Keywords: COVID-19 fear; international opportunity recognition; effectuation; causation; optimism; international entrepreneurship.
Chinese firms in developed and developing countries: the alignment of foreign direct investment motives with staffing practices
by Cuiling Jiang, Dorra Yahiaoui, Chi Zhang
Abstract: This study aims to investigate what motivates Chinese firms to expand their business abroad and how these firms align investment motives with their staffing practices in developed and developing countries. Through in-depth interviews with Chinese expatriate managers and host country managers in 21 overseas Chinese firms, our findings show that responding to Chinas Belt and Road Initiative (BRI), improving Chinas international reputation, benefitting from host country investment environment, and targeting host country Chinese investors, are the main investment motives to engage Chinese firms in internationalisation. To support these internationalisation motives, Chinese firms show instrumental, cognitive and moral focuses in their international staffing practices. For developed countries, Chinese firms prefer human resource management localisation, whereas for developing countries, Chinese firms staff their management positions mainly with expatriates.
Keywords: Belt and Road Initiative; China; developed countries; developing countries; foreign direct investment; motives; staffing practices.
Which factors moderate and mediate the relationship between enterprise risk management and firm performance? A meta-analysis and conceptual study.
by Lenka Syrová, Jindřch Špička
Abstract: The need for enterprise risk management always becomes more topical during an ongoing crisis. Implementing a formal or informal risk management system is an important part of all organisations' strategies to address crises, whether they are financial in nature or health related. Effective risk management helps achieve strategic goals, including firm performance. Enterprise risk management (ERM) does not always affect firm performance directly. The inconsistency in empirical studies' conclusions regarding this issue indicates that several mediator and moderator variables influence the association between ERM and firm performance. Therefore, the aim of this article is to propose a model of the relationship between ERM and firm performance based on a systematic literature review of 47 relevant articles. The authors found that it was necessary to investigate the moderating effect of organisational culture and the mediating effect of firm reputation on the relationship between enterprise risk management and subjective firm performance.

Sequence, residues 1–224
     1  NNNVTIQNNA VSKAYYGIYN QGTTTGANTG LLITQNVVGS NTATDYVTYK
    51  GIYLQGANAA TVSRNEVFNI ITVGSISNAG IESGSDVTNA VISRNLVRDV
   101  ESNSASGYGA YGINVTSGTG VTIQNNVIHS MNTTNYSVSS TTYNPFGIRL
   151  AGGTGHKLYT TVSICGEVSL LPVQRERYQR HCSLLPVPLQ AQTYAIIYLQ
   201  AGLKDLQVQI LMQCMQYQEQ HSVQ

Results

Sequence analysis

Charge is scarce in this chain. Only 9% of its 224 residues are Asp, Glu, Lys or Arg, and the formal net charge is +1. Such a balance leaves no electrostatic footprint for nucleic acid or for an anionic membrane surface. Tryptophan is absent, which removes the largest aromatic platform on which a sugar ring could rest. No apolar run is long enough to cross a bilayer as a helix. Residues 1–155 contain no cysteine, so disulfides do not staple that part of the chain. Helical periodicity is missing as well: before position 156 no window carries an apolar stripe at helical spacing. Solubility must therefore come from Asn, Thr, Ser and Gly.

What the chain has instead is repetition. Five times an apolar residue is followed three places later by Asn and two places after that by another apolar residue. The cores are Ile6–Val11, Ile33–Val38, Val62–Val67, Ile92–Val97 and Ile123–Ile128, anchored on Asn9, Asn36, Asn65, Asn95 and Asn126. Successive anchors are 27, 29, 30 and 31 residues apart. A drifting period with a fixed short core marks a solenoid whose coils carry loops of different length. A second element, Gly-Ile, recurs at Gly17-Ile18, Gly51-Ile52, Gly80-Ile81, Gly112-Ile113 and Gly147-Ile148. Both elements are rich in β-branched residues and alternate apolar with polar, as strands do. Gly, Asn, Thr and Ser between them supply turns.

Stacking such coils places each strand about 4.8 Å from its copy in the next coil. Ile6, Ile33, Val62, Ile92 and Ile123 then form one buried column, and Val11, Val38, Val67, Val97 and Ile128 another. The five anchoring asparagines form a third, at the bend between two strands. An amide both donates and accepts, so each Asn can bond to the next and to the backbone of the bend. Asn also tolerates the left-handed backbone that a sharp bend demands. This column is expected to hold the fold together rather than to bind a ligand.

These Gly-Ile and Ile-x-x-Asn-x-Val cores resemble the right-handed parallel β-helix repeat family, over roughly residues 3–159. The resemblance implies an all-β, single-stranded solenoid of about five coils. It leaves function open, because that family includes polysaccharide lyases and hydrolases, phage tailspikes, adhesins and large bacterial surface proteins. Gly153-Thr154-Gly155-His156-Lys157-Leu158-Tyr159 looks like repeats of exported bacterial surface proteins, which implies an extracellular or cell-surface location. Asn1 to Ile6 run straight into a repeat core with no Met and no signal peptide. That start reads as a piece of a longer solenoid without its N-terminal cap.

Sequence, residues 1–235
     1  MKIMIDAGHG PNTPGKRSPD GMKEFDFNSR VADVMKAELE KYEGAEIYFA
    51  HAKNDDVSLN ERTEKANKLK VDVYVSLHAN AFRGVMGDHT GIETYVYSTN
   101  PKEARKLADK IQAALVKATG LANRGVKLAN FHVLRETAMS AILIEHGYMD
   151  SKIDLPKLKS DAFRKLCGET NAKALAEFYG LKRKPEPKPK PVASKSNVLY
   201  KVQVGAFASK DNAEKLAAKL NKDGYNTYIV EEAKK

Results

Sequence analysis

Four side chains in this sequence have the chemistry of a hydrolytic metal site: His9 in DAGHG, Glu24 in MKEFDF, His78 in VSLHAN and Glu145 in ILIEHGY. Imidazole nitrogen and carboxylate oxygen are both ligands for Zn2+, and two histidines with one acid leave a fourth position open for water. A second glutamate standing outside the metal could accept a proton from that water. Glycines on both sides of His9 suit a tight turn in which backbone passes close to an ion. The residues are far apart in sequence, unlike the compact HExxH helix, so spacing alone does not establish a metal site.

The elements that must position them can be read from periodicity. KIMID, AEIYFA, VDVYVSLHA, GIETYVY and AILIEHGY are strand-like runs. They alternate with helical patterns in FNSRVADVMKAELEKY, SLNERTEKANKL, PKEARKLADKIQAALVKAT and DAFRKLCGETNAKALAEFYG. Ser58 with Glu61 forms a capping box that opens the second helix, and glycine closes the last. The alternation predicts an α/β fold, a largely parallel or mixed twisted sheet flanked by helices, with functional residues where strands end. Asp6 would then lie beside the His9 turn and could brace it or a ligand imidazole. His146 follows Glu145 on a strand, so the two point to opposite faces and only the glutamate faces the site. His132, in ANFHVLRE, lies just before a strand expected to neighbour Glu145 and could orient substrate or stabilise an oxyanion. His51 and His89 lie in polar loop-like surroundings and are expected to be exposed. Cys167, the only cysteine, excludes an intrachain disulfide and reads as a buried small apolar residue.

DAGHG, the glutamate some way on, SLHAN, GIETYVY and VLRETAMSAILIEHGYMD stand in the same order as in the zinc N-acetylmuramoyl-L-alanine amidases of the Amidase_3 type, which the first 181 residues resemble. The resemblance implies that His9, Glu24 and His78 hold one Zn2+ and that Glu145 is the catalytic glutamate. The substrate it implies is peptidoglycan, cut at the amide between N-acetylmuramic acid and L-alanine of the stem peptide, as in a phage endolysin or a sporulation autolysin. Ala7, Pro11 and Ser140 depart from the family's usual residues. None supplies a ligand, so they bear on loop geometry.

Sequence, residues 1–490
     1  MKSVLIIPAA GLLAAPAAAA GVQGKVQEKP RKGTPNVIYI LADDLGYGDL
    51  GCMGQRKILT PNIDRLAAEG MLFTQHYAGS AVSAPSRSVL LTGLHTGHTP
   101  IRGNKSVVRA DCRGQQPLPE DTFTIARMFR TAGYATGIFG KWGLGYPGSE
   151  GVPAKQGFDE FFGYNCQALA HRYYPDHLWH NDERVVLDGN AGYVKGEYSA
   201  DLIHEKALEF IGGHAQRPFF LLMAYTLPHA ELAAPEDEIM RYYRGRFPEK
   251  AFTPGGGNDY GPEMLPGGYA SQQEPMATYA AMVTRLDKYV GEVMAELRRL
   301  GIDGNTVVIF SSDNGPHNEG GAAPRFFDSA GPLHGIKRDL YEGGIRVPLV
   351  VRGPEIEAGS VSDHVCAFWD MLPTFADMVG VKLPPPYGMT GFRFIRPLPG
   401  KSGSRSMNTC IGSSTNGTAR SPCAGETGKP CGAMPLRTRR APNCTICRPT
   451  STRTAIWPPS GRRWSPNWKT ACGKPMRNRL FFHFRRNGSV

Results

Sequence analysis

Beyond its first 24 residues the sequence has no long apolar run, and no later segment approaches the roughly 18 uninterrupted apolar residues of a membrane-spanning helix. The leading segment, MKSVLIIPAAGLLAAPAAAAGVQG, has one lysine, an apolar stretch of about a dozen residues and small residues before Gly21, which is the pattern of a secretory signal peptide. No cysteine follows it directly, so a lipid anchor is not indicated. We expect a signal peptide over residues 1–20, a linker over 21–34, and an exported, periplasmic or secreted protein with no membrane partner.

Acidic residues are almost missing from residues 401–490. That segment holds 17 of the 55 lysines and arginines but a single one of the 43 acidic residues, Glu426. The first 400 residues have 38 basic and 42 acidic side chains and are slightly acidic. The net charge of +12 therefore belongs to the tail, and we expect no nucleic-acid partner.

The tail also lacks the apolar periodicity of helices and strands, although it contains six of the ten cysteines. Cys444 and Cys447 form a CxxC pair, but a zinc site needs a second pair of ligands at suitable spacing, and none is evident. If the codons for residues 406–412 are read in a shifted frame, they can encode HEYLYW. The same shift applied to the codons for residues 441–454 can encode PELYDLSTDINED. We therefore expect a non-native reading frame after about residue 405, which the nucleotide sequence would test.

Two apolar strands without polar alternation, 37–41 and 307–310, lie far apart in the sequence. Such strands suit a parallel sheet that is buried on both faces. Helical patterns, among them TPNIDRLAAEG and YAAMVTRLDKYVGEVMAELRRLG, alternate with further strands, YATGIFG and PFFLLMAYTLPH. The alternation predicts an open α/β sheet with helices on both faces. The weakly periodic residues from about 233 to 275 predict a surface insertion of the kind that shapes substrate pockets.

Keywords: enterprise risk management; determinants; mediator; moderator; non-financial companies; organisational culture; strategy; performance.
Can marketing counter technology leakage effects in emerging markets?
by Amit Bhatnagar, Siddhartha S. Syam